For many businesses, employee engagement is too often seen as ‘non-essential’ –.
But this should not be the case according to recruitment agency, Pure, who recently took a wider look at the impact employee engagement can have on businesses big and small.
It’s clear that, in the current economic climate – with companies still remaining cautious with regards to pay increases –businesses need to think more creatively around how they reward their staff and make them feel valued.
According to a report by ‘Engage for Success’, businesses that make the effort to engage and motivate employees experience a two-fold increase in annual net profits.
Organisations in the top quartile are reported to experience 18 per cent higher productivity in terms of employee output, increased customer satisfaction by 12 per cent and a 40 per cent reduction in employee turnover.
“As the competition for the very best talent hots up and the cost of retraining new staff rises, engaging with your most promising staff members has never been more important,” said Gill Buchanan, director, Pure.
As most of us know, finding top talent is a difficult task and retaining those top performers can be even harder if they feel undervalued and it would appear that businesses are beginning to acknowledge the need to adapt.
More than half (51 per cent) of organisations across the UK plan to alter their employee benefits mix to specifically attract and retain industry-leading staff.
In addition, 85 per cent of workers themselves believe that employers actually have a responsibility to look after their health and wellbeing as well as their morale. But rather interestingly, two-fifths of all UK companies offer no health and wellbeing benefits whatsoever; which could well contribute to the 131 million working days lost through ill-health in 2013, according to the Office for National Statistics (ONS).
Culture and engagement is one of the biggest issues facing growing companies across the globe. According to Deloitte’s Culture Human Capital Trends 2015 report, 87 per cent of organisations surveyed cite culture and employee engagement as one of their biggest challenges, with half labelling the issue “very important”.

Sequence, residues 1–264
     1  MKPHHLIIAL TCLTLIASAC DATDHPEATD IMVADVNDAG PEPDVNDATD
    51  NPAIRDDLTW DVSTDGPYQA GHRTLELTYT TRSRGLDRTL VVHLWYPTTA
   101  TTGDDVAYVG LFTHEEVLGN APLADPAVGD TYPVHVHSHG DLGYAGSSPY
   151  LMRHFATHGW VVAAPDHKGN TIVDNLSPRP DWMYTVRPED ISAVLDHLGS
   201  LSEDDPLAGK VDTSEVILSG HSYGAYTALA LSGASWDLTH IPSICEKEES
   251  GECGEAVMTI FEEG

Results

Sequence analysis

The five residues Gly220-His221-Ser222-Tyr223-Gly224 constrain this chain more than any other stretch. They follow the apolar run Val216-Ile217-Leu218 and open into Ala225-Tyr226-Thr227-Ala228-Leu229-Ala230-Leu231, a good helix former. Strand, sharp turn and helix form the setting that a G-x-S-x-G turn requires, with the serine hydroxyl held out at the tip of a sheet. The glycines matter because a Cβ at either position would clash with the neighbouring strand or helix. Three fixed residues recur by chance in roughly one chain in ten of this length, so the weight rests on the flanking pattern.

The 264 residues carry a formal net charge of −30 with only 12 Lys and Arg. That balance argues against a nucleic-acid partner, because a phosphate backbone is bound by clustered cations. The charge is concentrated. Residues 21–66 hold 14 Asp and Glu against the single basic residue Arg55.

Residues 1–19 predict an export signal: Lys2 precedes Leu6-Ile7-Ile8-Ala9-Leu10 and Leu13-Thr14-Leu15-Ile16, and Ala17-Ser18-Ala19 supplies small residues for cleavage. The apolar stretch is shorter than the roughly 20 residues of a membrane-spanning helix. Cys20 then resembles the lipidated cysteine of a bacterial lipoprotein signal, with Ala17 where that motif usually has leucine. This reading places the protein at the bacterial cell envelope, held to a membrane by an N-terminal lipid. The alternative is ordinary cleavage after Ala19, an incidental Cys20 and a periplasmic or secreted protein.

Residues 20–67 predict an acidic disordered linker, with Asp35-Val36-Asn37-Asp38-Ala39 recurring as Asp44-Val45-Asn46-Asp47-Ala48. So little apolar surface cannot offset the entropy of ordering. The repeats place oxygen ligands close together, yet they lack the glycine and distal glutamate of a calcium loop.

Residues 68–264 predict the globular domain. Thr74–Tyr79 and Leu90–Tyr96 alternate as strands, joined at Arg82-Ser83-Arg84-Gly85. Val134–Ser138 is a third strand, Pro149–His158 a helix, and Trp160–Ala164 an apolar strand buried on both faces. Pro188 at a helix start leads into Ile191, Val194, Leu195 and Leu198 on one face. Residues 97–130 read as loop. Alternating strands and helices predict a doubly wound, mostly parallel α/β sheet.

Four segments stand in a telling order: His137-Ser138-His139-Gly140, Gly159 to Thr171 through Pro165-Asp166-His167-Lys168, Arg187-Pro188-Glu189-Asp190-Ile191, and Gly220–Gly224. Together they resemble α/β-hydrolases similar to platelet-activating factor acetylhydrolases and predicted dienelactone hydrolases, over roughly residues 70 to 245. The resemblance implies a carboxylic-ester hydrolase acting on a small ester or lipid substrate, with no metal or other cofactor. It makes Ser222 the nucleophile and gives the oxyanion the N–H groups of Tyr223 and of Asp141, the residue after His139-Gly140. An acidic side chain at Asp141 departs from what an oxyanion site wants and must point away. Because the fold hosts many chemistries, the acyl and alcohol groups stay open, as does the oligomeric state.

Pure have provided some top tips for employee engagement in a bid to inspire businesses to take those first steps towards creating fantastic places to work, including:
- Giving employees a ‘voice’
Take on board staff views and opinions – consider running staff focus groups to encourage employees to let you know where your business could be doing better to incentivise staff and improve productivity.
- Employee wellbeing
Consider offering employees discounted gym memberships to keep them healthy and motivated; offer support for those who wish to quit smoking; and arrange out-of-office games and activities such as 5-a-side football, badminton and squash.
- Research and development
Follow Google’s example and encourage employees to develop their skills through research and development time. R&D enables staff to hone their talents by developing their own projects at work which, in turn, can generate many great ideas for your organisation.
- Charity challenges
Develop team unity by taking part in a challenge to raise funds for charity. If your employees love pushing themselves to the limit, there’s no better way to foster close working relationships with colleagues than by pitching them together in a test of minds, stamina and willpower.
Now is the time to redefine employee engagement beyond a basic HR measure. It should become a continuous, holistic facet of an entire business strategy. If your employees enjoy their work and the environment you create, they will work effectively and have a desire to innovate, continuously improving your business output.